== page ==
From Inland Cheshire To Coastal Cumbria

Posted on - In Fleetwood Birder
Over the past two days my birding has been work based and they have been completely different; inland Cheshire yesterday and coastal Cumbria today!It was a beautiful day yesterday everywhere it seemed, other than my survey site that was fog bound! On the drive down it was glorious until I got near my site, and then on the return journey foggy until a few miles from the site where it was glorious again! It was one of those mists where horizontal visibility was compromised, but not vertical! The sun was trying it's best to make an appearance!I did have a few birds at my misty Cheshire site including five Song Thrushes, which were almost certainly migrants. No Fieldfares or Redwings though! A Buzzard was ever present as usual, but the best bird of the morning was undoubtedly a Little Owl.I could hear Blackbirds and Chaffinches alarm calli...

False Start

Posted on - In Fleetwood Birder
If you remember I had commented on the potential interesting weather synopsis for yesterday morning, but as often happens it didn't come to fruition. The weak weather front moved through, with light drizzle, but after it had come light the effect was more of a 'blocking' feature than of a 'dropping' feature, if you know what I mean.Having said that, after my 8 o'clock Doctor's appointment I decided to have an hour or so's birding before hitting the office for the day. I arrived at the cemetery under full cloud cover, with a moderate southeasterly wind. Where had that wind come from?As I got out of my car I could hear some Chaffinches 'pinging', looked up and could see just a couple of birds. I looked harder and there high above, just dots in my bins, were a tight flock of 42 heading west. When we get flocks like this down on the coast at th...
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You Couldn’t Make It Up

Posted on - In Fleetwood Birder
I was out yesterday looking for more eastern sprites, but it wasn't to be, in fact it was very quiet both in terms of vis and grounded migrants. I had seven oktas cloud cover with a 10 mph northwesterly wind. I'm blaming the northwesterly wind.I visited the cemetery first as it is closest to home and I didn't have a single grounded migrant and just the odd Chaffinch, Greenfinch and Goldfinch over was the only vis.The coastal park was a little better as there was some grounded migrants in the form of five Goldcrests, a Chiffchaff, four Coal Tits and a Song Thrush that dropped in. Vis was similar to the cemetery with a handful of Chaffinches and three Grey Wagtails west.Last night the forecast for this morning looked good for some ringing locally, and it was forecast for some rain at my Cheshire wintering bird survey site, so I decided to go ...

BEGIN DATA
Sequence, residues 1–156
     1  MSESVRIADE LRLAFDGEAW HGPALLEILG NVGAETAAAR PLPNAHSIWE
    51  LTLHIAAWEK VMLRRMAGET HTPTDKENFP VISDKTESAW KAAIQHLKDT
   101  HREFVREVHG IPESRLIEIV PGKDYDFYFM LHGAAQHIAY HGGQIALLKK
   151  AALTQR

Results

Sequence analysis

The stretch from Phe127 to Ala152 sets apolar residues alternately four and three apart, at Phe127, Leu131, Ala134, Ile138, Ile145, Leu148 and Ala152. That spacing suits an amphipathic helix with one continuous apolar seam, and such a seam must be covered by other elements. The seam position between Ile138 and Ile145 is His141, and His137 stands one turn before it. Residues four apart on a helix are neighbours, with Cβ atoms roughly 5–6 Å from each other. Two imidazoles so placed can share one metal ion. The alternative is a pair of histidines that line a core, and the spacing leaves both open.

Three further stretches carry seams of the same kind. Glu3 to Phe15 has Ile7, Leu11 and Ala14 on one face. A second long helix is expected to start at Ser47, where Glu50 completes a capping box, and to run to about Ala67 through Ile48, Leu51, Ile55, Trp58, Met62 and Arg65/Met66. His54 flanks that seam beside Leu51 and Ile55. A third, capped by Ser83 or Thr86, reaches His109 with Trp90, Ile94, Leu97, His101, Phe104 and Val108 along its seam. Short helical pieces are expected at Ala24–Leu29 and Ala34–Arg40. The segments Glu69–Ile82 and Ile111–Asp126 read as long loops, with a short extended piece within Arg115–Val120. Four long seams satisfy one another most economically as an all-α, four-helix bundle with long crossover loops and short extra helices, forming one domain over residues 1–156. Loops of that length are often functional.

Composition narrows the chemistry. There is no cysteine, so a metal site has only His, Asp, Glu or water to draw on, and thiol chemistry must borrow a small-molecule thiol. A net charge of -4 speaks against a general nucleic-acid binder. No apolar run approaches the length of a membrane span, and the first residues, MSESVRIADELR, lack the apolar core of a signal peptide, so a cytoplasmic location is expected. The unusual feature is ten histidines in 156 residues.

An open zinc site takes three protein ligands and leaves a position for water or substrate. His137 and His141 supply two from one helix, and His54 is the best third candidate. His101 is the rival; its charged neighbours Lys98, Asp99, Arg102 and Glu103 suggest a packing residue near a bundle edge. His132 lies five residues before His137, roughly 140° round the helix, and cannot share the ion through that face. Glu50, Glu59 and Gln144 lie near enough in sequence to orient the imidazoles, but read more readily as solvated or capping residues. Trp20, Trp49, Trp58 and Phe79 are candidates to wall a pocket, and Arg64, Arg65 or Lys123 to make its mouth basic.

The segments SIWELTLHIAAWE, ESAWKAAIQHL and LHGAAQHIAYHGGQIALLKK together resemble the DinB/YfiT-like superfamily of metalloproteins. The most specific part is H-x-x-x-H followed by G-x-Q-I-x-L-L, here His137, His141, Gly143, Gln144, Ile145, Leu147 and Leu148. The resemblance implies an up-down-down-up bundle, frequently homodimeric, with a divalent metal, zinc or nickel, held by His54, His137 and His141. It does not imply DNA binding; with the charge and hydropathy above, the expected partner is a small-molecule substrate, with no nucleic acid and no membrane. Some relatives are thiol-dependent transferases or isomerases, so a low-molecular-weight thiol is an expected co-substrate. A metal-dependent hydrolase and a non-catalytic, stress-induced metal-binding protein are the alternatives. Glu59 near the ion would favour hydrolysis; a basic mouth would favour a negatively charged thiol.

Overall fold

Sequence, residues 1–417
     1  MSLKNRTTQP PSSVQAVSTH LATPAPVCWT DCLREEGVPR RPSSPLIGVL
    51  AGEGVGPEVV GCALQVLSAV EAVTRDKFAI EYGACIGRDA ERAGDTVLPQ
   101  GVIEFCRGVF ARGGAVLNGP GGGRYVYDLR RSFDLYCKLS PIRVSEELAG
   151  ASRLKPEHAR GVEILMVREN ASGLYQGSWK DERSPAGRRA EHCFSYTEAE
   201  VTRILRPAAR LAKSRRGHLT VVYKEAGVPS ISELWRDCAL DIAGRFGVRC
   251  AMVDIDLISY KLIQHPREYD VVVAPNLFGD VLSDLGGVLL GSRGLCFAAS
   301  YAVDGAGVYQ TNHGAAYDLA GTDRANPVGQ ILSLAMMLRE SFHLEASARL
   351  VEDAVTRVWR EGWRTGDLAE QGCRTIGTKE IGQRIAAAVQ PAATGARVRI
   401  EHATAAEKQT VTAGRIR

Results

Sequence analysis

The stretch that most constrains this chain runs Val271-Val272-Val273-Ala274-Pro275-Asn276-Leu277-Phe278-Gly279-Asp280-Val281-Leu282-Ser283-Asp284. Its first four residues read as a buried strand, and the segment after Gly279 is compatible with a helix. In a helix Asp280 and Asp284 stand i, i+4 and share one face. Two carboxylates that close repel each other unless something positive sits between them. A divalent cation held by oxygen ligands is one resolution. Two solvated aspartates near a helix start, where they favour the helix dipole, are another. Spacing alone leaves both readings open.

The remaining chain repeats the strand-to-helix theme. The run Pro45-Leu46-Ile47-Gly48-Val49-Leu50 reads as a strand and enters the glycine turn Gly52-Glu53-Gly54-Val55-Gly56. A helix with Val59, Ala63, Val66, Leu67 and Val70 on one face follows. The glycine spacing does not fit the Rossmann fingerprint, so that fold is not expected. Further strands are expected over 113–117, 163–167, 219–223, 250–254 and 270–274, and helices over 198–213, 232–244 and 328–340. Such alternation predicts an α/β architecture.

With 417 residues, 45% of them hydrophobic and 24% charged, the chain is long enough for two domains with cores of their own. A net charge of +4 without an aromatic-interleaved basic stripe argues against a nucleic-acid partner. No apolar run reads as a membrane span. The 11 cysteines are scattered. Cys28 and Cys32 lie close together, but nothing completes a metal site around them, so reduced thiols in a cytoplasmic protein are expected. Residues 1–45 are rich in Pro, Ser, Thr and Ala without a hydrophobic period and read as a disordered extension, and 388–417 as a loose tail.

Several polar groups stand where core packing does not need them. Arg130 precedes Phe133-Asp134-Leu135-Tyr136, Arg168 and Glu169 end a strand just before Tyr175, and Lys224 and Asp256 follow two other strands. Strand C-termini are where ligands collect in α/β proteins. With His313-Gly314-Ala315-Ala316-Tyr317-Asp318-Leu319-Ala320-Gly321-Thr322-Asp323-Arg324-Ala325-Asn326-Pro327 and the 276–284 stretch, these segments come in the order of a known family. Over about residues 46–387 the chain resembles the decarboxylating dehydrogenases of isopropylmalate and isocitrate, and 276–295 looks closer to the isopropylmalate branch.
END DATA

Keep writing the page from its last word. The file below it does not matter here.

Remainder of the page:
You Couldn’t Make It Up

Posted on - In Fleetwood Birder
I was out yesterday looking for more eastern sprites, but it wasn't to be, in fact it was very quiet both in terms of vis and grounded migrants. I had seven oktas cloud cover with a 10 mph northwesterly wind. I'm blaming the northwesterly wind.I visited the cemetery first as it is closest to home and I didn't have a single grounded migrant and just the odd Chaffinch, Greenfinch and Goldfinch over was the only vis.The coastal park was a little better as there was some grounded migrants in the form of five Goldcrests, a Chiffchaff, four Coal Tits and a Song Thrush that dropped in. Vis was similar to the cemetery with a handful of Chaffinches and three Grey Wagtails west.Last night the forecast for this morning looked good for some ringing locally, and it was forecast for some rain at my Cheshire wintering bird survey site, so I decided to go ...

Eastern Sprite

Posted on - In Fleetwood Birder
Ian's garden is an important component of the Obs recording area, as it is directly on the coast, and the habitat in his and neighbouring gardens are very attractive to migrants. The garden is one of the sites where we trap migrants for ringing and good numbers of Lesser Redpoll, for example, are ringed every Spring in the garden.I didn't set my alarm this morning as the forecast was poor and I'm ashamed to say that a phone call from Ian got me out of bed. He phoned me to say that even though it was wet, even very wet at times, there were migrants around as he had just had six Blackbirds and a Song Thrush 'drop in' to his garden!I got up and dressed, and decided I would go out if and when the rain eased. I then received another phone call from Ian saying that he had just caught a Yellow-browed Warbler in his garden, and did I want to come u...
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Landlocked

Posted on - In Fleetwood Birder